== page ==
It had film/video production units in Germany and co-production or co-finance arrangements in other countries, responsible for around 1,000 hours of content each year. Co-financing deals with US studios were generally reflected in exclusive marketing rights for the German-speaking area. Its feature film, TV film, series, sport and documentary library contained around 63,000 hours of fiction footage.

An indication of Kirch holdings as of 2001 is here. The byzantine structure of the group means that the often selective information on the various Kirch sites should be used with some caution.

collapse and aftermath

The group's collapse has proved contentious. In February 2002 its pay tv arm Premiere was reported as losing £1m per day, with upcoming expenditure of £1.8bn in film deals and programming costs over four years to 2006 plus rights for the German football league costing a further £336m up to 2004. One broker unkindly described it as "a black hole" that because of excessive programming costs would never make money. Those costs in 2000 had been around £453m on revenue of around £490m.

Overall group indebtedness was around £5.3 billion. Murdoch-controlled BSkyB had exercised a put option, requiring Kirch to buy back its 22% of Premiere (acquired 1999) for £1.1 billion.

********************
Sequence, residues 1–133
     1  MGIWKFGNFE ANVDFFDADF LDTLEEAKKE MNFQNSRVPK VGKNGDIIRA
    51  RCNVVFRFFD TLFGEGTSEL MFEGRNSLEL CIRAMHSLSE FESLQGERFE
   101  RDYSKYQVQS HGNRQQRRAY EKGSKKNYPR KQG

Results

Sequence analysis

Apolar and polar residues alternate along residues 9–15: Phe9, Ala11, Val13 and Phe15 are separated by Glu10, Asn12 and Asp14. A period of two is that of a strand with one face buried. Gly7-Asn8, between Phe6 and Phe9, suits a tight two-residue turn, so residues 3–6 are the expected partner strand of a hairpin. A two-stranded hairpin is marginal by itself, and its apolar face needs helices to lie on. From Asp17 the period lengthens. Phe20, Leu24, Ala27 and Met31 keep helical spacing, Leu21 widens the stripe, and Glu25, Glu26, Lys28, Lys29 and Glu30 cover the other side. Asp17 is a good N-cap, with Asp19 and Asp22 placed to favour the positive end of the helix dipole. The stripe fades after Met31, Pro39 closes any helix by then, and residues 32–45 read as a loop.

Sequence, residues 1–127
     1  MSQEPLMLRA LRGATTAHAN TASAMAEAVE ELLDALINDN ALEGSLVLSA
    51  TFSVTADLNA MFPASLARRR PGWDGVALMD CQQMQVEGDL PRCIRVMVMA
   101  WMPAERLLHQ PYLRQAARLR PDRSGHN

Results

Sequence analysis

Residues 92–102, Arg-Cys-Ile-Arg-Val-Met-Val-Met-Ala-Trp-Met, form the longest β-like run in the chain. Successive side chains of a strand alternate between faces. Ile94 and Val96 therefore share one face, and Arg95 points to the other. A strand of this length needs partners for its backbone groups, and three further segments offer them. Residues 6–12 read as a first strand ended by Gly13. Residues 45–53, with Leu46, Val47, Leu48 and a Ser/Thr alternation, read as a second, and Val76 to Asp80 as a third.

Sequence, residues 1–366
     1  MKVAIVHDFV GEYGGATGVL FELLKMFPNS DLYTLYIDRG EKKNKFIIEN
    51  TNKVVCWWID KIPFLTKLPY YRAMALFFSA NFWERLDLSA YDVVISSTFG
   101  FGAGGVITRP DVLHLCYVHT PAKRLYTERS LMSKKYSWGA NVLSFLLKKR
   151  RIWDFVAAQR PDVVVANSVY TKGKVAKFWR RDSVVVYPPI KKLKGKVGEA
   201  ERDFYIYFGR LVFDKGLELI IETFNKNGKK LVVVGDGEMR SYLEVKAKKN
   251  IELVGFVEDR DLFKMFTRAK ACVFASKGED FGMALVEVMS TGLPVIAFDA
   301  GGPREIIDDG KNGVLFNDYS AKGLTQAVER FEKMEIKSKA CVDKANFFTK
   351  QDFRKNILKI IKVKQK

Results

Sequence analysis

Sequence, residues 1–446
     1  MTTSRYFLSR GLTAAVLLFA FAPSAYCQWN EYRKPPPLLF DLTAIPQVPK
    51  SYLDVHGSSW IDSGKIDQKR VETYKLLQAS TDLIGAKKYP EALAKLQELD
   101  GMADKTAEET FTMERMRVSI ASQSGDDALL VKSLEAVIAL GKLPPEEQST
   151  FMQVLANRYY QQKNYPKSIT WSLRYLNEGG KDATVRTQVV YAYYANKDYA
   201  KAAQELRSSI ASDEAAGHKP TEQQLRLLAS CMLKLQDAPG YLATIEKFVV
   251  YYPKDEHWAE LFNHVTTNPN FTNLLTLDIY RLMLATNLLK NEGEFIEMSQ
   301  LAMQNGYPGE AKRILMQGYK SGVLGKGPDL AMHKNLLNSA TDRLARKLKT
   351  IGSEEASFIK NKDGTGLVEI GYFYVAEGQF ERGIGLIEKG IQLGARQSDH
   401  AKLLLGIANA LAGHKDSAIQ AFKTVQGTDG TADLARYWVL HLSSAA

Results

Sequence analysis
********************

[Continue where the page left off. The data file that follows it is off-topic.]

During mid 2002 the money - or merely the patience of its bankers and partners such as Murdoch - ran out. Kirch PayTV announced its insolvency in April, followed by parent KirchMedia and other units.

In November 2002 there was an announcement of 'in priciple' agreement by major German publisher Heinrich Bauer to take over much of Kirch's operations. Given opposition by regulators that takeover did not, however, proceed. By early April 2003 major elements of Kirch appeared likely to come under the control of the Saban group after initial expressions of interest by Murdoch, Sony, Axel Springer and French commercial broadcaster TF1 (owned by construction giant Bouygues).